Photos and videos are available through the agency.
Kasey goes to an auxiliary school and is currently in fourth grade.
According to the individual characteristics, dated Nov. 2016 it is reported that at the end of the school year Kasey started reading short words and that he copes well with writing, reading, counting up to 100 and solving math problems involving borrowing and passing. He also started showing more interest in educational activities. He is now feeling more secure in his ability to complete the assigned task. He seeks help from adults when needed.
His class teacher reports that Kasey adaptation to his school environment is excellent and that he interacts with his classmates and other children from his school.
Kasey likes playing with toys, as well as playing with his friends (tag, hide and seek).
Kasey social worker reported that he knows what adoption is and that he shares a positive attitude towards being adopted.
Update Jan 2020:
Julian sits on his own while supporting his weight on his hands. He uses his hands to change his posture and move his body. He stands in the walker. He actively grabs and manipulates toys and objects, tries to use them as intended – shakes to produce sound, pulls the string of a musical toy. Visual-motor coordination is slightly impaired.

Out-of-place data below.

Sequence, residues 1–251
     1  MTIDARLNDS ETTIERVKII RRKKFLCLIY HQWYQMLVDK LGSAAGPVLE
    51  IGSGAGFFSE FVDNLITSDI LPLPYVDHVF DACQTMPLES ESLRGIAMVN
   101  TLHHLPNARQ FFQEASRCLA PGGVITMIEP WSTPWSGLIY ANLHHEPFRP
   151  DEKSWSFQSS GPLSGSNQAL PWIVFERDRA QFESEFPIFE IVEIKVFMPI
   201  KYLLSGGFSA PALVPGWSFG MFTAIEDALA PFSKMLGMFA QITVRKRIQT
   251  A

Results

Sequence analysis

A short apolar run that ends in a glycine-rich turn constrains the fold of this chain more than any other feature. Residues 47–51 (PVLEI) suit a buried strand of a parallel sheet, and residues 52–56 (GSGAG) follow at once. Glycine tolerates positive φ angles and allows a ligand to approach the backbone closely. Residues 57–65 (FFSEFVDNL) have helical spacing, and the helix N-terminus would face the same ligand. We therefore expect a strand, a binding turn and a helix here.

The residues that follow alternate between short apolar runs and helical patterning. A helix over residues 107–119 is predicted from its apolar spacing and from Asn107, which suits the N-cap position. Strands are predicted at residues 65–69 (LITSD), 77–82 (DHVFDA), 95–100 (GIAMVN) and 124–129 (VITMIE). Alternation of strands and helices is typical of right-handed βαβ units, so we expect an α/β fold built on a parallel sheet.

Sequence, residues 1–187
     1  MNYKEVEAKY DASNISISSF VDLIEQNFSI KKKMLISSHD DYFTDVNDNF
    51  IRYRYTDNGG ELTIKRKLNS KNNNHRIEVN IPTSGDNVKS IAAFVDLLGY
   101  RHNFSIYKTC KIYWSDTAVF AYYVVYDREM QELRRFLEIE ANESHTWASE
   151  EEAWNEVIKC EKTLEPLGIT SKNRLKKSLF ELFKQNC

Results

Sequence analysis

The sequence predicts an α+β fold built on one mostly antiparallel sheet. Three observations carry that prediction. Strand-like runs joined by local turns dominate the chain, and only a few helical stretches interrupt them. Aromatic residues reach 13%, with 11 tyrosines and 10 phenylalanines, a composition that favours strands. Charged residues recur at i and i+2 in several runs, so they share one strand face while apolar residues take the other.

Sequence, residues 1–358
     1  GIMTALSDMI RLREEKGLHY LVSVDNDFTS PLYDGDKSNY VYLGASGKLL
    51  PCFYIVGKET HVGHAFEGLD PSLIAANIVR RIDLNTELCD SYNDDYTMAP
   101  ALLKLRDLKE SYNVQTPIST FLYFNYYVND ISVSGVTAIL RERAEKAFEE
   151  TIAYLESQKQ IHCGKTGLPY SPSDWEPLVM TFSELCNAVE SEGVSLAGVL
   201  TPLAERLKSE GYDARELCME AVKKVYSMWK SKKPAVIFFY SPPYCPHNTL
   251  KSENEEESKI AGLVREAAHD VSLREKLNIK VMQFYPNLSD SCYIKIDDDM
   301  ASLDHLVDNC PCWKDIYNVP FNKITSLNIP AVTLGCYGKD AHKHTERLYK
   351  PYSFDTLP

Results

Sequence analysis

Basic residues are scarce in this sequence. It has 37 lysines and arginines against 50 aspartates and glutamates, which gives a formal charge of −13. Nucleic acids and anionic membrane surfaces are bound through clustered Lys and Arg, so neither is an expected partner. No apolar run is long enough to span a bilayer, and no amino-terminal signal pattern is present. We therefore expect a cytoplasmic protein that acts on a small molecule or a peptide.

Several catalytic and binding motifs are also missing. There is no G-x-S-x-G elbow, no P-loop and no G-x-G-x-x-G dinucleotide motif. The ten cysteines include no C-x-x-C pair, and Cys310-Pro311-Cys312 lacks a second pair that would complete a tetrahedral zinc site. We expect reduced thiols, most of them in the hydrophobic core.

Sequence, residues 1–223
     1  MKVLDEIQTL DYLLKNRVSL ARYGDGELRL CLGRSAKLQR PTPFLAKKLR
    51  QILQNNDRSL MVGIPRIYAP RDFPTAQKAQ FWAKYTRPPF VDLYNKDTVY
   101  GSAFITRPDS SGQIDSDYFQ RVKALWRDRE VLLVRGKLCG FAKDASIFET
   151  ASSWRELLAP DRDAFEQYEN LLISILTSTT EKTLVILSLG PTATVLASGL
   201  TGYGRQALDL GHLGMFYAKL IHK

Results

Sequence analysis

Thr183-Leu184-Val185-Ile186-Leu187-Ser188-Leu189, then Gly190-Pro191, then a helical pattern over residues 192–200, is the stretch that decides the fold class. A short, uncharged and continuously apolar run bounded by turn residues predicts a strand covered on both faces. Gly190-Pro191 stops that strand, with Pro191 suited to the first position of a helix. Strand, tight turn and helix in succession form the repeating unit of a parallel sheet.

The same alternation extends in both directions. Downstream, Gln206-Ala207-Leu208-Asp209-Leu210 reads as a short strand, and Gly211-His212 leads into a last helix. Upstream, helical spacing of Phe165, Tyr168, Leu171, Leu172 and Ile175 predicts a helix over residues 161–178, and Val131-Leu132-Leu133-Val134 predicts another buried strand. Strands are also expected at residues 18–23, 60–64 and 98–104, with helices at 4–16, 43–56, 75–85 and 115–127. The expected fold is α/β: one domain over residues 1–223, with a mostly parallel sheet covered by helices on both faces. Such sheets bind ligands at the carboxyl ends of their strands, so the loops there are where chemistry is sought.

He can turn without help from his stomach to his back and backwards again. He can hold his head up and control it. He has a weak leg support and cannot stay upright, yet, but can kick with his legs and if put into a walker, can even move to a short distance. He plays with hanging toys when he’s laying on his back. He babbles and makes sounds. He cries at appropriate times, like when he rolls over into the side of the crib and needs help to be moved.
When awake, Josiah is mostly calm. He would laugh out loud when jested. During active interactions with adults Josiah pronounces various sounds and random syllables. Josiah follows a specific dietary regime and has food individually prepared for him. He is fed with a spoon by an adult and has a picky appetite. He is calm during dressing and bathing. Josiah’s sleep is calm.
There is little reaction with toys and no playing when in his possession. Isaac is completely dependent on the help of the staff.